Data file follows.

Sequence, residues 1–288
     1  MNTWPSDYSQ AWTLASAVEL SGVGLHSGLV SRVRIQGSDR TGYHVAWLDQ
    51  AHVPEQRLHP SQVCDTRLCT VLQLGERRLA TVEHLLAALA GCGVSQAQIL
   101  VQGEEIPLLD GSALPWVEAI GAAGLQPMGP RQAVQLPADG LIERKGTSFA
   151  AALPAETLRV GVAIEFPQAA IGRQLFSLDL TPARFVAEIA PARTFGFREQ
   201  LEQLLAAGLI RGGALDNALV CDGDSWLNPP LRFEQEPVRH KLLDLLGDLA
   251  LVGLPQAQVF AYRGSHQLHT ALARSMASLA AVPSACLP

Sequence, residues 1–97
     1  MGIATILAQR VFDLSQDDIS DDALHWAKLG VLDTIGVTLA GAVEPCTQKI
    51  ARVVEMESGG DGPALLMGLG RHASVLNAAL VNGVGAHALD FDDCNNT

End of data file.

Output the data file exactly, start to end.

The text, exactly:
Sequence, residues 1–288
     1  MNTWPSDYSQ AWTLASAVEL SGVGLHSGLV SRVRIQGSDR TGYHVAWLDQ
    51  AHVPEQRLHP SQVCDTRLCT VLQLGERRLA TVEHLLAALA GCGVSQAQIL
   101  VQGEEIPLLD GSALPWVEAI GAAGLQPMGP RQAVQLPADG LIERKGTSFA
   151  AALPAETLRV GVAIEFPQAA IGRQLFSLDL TPARFVAEIA PARTFGFREQ
   201  LEQLLAAGLI RGGALDNALV CDGDSWLNPP LRFEQEPVRH KLLDLLGDLA
   251  LVGLPQAQVF AYRGSHQLHT ALARSMASLA AVPSACLP

Sequence, residues 1–97
     1  MGIATILAQR VFDLSQDDIS DDALHWAKLG VLDTIGVTLA GAVEPCTQKI
    51  ARVVEMESGG DGPALLMGLG RHASVLNAAL VNGVGAHALD FDDCNNT